Hydrogen Peroxide, Hyperoxygenation, and Harms


The medical or intentional misuse of this common household agent can have serious consequences.


Proponents of “oxymedicine” claim that hyperoxygenation therapy is effective for various health ailments. These questionable and even dangerous assertions claim benefits for conditions as wide-ranging as migraines, candidemia, deafness, and multiple types of cancer. The treatment methods may entail oral ingestion and evenintravenous infusions.

A few of the purported premises of oxygen (O2) therapy include 'replenishing' O2 stores, restoring O2 ”balance”, and raising O2 pressures in the body.

As yet, however, little to no evidence exists to support these declarations. A PubMed search for “oxymedicine,” for example, yields only one result: an article discussing questionable methods of managing cancer.1 According to this article, the most utilized compounds for this practice are hydrogen peroxide, germanium sesquioxide, and ozone. The authors point to both legitimate research conducted involving these agents and the fact that study findings do not support these agents’ use for managing the aforementioned disease states.

Hydrogen Peroxide

Of the above agents mentioned for use in hyperoxygenation therapy, hydrogen peroxide is perhaps the most familiar and widely used in all respects. It is a well-known oxidizing agent and byproduct of cellular respiration. As a reactive oxygen species, it plays important immunologic roles and more recently has evidence to support its action as a signaling messenger.2

Aside from these physiologic functions in biological systems, hydrogen peroxide also has household and industrial uses. Colorless and easily mistaken for water when outside of its original bottle, it is sold in light-protective packaging that prevents decomposition of the compound. Hydrogen peroxide in lower concentrations (3% - 6%) is used as a disinfectant and for wound cleaning, while in higher concentrations (35% or higher) it’s used for industrial purposes.3,4 Concentrations upwards of 90% are found as components of rocket fuel.5

During accidental or intentional ingestion, this concentration is important to note, as each milliliter (mL) of 3% hydrogen peroxide yields 10 mL of oxygen gas. As each mL of 35% solution yields around 100 mLs, a 30 mL mouthful of 35% solution has the potential to liberate about 3000 mL of gas.3 When exposed to catalase, hydrogen peroxide decomposes into water and diatomic oxygen. The rapid decomposition into gaseous product can create wide pressure gradients and result in distention, rupture, and ultimately severe damage of internal organs.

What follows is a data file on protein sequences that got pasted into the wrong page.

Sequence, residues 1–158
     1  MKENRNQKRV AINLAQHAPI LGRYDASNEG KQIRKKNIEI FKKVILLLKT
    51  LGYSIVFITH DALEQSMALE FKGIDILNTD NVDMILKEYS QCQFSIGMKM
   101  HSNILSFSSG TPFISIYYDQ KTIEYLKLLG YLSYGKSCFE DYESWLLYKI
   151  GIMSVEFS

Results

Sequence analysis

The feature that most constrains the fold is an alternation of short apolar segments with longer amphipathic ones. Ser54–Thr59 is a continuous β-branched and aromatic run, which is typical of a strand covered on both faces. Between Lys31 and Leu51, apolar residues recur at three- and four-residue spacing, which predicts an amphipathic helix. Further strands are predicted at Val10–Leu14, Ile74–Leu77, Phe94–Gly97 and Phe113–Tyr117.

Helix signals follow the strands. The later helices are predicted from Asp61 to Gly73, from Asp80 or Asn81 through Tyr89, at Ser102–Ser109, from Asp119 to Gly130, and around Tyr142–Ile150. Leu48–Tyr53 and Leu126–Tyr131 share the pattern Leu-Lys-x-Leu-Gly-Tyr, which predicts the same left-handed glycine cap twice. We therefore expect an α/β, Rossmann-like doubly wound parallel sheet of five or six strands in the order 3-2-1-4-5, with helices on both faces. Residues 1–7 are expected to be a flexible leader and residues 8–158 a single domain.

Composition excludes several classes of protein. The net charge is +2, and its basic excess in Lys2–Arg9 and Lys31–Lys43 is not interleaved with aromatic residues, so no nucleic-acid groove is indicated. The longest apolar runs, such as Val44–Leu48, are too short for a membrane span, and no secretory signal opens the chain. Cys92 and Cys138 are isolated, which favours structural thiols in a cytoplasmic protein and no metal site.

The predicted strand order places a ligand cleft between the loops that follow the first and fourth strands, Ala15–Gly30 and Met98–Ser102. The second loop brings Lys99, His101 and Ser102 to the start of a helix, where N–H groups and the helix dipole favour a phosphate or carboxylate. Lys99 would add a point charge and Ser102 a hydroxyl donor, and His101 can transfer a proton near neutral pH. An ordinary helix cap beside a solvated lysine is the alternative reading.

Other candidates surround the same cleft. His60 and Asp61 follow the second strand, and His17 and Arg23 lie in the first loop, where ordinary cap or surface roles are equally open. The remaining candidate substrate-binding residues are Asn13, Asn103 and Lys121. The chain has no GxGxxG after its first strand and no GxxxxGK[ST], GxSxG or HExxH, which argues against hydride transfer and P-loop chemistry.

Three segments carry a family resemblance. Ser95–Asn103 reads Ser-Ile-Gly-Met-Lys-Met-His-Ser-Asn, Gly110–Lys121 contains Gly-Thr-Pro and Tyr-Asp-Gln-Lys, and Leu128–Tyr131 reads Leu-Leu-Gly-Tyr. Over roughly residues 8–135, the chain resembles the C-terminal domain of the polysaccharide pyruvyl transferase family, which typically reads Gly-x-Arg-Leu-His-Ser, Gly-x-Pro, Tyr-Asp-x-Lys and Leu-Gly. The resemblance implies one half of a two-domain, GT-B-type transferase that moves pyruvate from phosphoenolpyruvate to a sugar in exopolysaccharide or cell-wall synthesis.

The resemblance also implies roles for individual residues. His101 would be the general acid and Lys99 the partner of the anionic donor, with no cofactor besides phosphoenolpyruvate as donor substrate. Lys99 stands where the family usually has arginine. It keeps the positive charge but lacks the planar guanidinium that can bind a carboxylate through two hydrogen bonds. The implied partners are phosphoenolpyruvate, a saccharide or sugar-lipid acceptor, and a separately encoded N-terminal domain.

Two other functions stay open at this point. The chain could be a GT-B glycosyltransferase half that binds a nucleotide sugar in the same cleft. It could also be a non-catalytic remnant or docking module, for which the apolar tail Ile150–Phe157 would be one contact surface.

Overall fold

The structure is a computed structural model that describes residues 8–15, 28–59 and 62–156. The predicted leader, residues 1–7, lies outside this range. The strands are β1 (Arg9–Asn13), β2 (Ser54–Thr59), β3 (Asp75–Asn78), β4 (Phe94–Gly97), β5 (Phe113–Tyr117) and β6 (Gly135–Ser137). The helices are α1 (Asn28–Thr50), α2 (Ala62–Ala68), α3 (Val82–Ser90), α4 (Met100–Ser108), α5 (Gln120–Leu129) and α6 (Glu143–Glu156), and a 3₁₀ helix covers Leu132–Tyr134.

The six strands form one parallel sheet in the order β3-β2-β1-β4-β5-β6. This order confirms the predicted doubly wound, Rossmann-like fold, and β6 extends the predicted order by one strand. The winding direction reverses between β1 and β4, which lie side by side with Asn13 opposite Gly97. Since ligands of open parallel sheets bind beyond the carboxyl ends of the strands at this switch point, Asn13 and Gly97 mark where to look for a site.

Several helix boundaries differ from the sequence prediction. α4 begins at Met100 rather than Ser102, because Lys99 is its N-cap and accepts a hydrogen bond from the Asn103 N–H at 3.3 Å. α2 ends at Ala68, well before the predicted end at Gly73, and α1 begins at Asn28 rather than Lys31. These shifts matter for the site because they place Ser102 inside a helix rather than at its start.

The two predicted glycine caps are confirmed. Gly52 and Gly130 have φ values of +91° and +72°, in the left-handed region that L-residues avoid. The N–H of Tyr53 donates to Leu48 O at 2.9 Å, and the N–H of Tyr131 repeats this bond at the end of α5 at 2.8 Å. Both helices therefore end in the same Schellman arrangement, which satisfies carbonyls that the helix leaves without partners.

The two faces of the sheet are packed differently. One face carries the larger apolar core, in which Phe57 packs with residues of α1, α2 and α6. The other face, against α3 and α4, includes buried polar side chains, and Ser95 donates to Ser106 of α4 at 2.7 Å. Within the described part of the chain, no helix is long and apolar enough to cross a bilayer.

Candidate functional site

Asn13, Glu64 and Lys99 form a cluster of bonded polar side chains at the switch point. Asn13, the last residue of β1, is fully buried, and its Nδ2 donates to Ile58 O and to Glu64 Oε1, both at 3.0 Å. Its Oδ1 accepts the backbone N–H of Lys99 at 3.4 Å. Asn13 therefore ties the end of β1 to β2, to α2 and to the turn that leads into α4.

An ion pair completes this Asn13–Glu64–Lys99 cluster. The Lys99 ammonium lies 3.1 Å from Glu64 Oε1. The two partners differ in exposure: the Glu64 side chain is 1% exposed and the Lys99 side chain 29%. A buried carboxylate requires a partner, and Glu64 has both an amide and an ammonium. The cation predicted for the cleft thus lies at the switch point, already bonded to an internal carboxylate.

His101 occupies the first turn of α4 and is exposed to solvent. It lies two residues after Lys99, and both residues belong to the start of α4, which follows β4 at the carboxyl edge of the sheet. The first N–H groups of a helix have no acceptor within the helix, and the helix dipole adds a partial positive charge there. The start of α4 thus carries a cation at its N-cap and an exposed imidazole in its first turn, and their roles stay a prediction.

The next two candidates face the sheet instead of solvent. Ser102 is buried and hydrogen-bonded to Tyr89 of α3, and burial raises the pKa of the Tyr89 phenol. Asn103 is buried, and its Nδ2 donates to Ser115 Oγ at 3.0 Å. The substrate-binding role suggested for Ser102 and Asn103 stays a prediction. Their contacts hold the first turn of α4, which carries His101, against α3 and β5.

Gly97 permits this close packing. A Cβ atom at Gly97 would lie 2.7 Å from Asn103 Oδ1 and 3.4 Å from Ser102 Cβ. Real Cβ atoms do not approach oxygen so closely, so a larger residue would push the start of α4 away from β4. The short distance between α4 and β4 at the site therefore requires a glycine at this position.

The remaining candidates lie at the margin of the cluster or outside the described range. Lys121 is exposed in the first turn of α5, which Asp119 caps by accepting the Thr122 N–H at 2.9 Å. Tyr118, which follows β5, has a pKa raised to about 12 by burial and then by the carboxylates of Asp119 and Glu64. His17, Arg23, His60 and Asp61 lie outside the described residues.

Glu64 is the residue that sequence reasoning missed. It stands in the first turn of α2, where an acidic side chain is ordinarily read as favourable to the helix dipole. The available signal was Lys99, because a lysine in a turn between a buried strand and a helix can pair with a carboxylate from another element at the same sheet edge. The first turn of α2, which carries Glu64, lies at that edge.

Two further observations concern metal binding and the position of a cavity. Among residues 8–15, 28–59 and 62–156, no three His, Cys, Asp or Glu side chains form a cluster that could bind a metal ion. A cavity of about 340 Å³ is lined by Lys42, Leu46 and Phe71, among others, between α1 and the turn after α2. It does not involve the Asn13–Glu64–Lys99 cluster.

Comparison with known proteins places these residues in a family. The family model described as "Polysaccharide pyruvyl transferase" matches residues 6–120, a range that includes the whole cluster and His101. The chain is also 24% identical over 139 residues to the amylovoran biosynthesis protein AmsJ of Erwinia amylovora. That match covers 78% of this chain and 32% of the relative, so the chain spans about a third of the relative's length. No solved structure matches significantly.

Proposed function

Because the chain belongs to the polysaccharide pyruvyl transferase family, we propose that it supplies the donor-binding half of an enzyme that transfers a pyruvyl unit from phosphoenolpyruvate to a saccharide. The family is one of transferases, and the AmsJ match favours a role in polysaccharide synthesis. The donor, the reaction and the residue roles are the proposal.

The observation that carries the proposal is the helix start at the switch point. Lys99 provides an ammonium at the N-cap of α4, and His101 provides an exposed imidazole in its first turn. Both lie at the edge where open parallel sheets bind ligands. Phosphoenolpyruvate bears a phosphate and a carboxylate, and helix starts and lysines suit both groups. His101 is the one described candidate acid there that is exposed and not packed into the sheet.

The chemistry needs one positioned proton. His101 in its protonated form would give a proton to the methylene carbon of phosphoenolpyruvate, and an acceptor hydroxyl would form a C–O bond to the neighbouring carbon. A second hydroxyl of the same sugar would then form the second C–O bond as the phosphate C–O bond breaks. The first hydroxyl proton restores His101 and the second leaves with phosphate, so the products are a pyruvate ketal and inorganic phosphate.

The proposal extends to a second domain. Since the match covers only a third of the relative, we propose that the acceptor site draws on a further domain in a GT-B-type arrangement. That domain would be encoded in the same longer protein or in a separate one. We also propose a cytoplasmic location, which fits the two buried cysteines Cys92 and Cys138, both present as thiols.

Hydrogen peroxide exhibits its toxicity through other mechanisms, as well. In addition to corrosive properties causing local tissue damage, the lipid peroxidation that occurs further damages cell membranes and is directly cytotoxic.4 Furthermore, the aforementioned generation of gas can result in formation of gas emboli and result in serious consequences. When maximum solubility is reached, an embolus can form and travel to the brain, which can cause a cerebral infarction.


Patients may present with numerous signs of toxicity.4 In addition to the previously mentioned distension and rupture, ingestion can cause irritation, vomiting, and foaming that can obstruct the airway. Airway and lung exposure can lead to coughing, dyspnea, and respiratory distress. Patients may also progress into sinus tachycardia, seizures, and coma among many other presentations of injury.

Children may be more vulnerable to toxic effects as they have relatively larger skin, mucosal, and lung surface area per unit of body weight.6

The Medical Management Guidelines for Hydrogen Peroxide provided by the Agency for Toxic Substances and Disease Registry is a useful resource for the properties, presentation, response, and management of hydrogen peroxide ingestion or exposure.


  • Questionable methods of cancer management: hydrogen peroxide and other “hyperoxygenation” therapies. CA Cancer J Clin. 1993 Jan-Feb;43(1):47-56.
  • Stone JR, Yang S. Hydrogen peroxide: a signaling messenger. Antioxid Redox Signal. 2006 Mar-Apr;8(3-4):243-70.
  • Manning EP, Laskowski LK, Nelson LS, Touger M. Ingestion of 35% Hydrogen Peroxide. Ann Emerg Med. 2014 Sep; 64(3): 330—333.
  • Watt BE, Proudfoot AT, Vale JA. Hydrogen peroxide poisoning. Toxicol Rev. 2004;23(1):51-7.
  • Pritchett S, Green D, Rossos P. Accidental ingestion of 35% hydrogen peroxide. Can J Gastroenterol. 2007 Oct; 21(10): 665—667.
  • Medical Management Guidelines for Hydrogen Peroxide (H2O2). Managing Hazardous Materials Incidents. Agency for Toxic Substances and Disease Registry. www.atsdr.cdc.gov/MHMI/mmg174.pdf. Accessed 15 January 2018.

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